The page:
A colleague in Eastchester once told me that faculty have three, maybe four, good ideas over their career. In other words, a faculty member could have over a hundred papers, but there's only three or four underlying concepts. Perhaps it was "two, maybe three", but you get the point. Playing with integration points and weights, … Continue reading Integration Points with Negative Weight
For material nonlinear analysis of frame models, you can improve the computed response by using more displacement-based elements or more integration points in a force-based element. The material nonlinearity occurs inside the basic system, also known as the natural system or the kernel. To capture geometric nonlinearity due to large displacements, you have to go … Continue reading Meshing for Column Loads
I sometimes run across simulations where frame member response is computed using displacement-based beam-column elements with more than two Gauss points per element. These elements require at least two Gauss points to ensure a complete solution and to capture the exact solution for a linear-elastic, prismatic member. While it is well known that you can … Continue reading More Is Not Always Better
Frame finite elements abound in OpenSees, but something very useful has always been missing--a linear-elastic beam element with moment releases. Sure, you can define two nodes at the release location and use the equalDOF command; however, that can be error prone and you're at the mercy of the constraint handler. On the positive side, this … Continue reading Better Late than Never
The question of whether to use the force-based or displacement-based formulation for material nonlinear frame analysis is one that comes up a lot. The answer depends on a few factors, mostly the material and the element length. To get a sense of the basic issues, I will compare the two element formulations with a numerical … Continue reading A Tale of Two Element Formulations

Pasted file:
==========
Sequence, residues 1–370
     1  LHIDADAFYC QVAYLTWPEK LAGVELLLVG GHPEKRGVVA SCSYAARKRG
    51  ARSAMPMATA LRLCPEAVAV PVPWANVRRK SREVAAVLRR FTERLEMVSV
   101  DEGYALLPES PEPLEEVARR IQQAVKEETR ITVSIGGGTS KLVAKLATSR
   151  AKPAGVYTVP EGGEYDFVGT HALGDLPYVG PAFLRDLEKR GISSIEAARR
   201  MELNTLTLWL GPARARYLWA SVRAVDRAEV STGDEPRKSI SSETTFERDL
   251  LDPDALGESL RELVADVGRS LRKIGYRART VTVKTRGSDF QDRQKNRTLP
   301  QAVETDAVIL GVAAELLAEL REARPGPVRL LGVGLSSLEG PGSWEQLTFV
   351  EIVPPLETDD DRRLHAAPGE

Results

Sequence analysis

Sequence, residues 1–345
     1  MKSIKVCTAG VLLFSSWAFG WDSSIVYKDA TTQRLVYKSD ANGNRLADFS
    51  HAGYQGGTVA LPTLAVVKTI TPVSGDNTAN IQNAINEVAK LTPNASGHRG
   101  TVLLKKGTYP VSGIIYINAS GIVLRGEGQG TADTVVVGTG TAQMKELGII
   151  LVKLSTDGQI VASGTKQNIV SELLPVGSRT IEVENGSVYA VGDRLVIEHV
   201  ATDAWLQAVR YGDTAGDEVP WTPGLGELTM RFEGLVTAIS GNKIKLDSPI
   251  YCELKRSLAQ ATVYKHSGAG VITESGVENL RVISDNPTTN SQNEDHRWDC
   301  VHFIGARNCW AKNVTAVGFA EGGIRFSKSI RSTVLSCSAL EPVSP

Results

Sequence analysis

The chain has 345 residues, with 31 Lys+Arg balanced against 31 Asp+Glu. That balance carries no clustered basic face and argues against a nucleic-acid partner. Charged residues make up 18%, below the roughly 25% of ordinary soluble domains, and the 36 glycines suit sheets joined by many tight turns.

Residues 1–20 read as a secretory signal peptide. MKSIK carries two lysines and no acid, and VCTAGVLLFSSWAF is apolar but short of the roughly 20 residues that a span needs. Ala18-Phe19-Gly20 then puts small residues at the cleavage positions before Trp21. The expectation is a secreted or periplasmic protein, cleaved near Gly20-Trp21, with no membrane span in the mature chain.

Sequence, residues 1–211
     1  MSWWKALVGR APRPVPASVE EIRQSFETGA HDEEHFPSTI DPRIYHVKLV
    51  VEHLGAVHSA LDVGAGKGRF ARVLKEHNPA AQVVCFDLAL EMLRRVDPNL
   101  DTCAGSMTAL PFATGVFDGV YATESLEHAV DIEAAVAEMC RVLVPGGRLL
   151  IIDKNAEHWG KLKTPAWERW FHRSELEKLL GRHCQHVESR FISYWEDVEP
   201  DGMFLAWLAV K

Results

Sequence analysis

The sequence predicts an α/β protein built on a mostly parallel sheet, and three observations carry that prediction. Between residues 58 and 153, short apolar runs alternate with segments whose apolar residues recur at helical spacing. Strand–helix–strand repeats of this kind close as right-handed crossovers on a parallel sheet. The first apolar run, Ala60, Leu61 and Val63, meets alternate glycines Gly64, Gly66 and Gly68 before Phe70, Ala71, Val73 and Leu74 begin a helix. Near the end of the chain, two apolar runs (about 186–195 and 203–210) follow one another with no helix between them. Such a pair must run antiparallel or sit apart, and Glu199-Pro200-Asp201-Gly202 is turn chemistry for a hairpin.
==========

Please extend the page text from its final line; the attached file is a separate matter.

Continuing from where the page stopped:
I hear the term "fiber element" a lot, as in "We used fiber elements to model the response of this reinforced concrete moment frame". Usually, when people say something like this, they are referring to "force-based distributed plasticity frame elements with fiber-discretized cross sections". That is a mouthful. I can see the desire to shorten … Continue reading Be More Specific than “Fiber Element”
If distributed plasticity elements are fruits and concentrated plasticity elements are vegetables, then plastic hinge integration is something like a tomato. Based on papers I've read, manuscripts I've reviewed, presentations I've seen, etc., there's some confusion as to whether plastic hinge integration is a fruit or a vegetable. Here's my two cents. Concentrated plasticity elements … Continue reading Is Plastic Hinge Integration a Fruit or a Vegetable?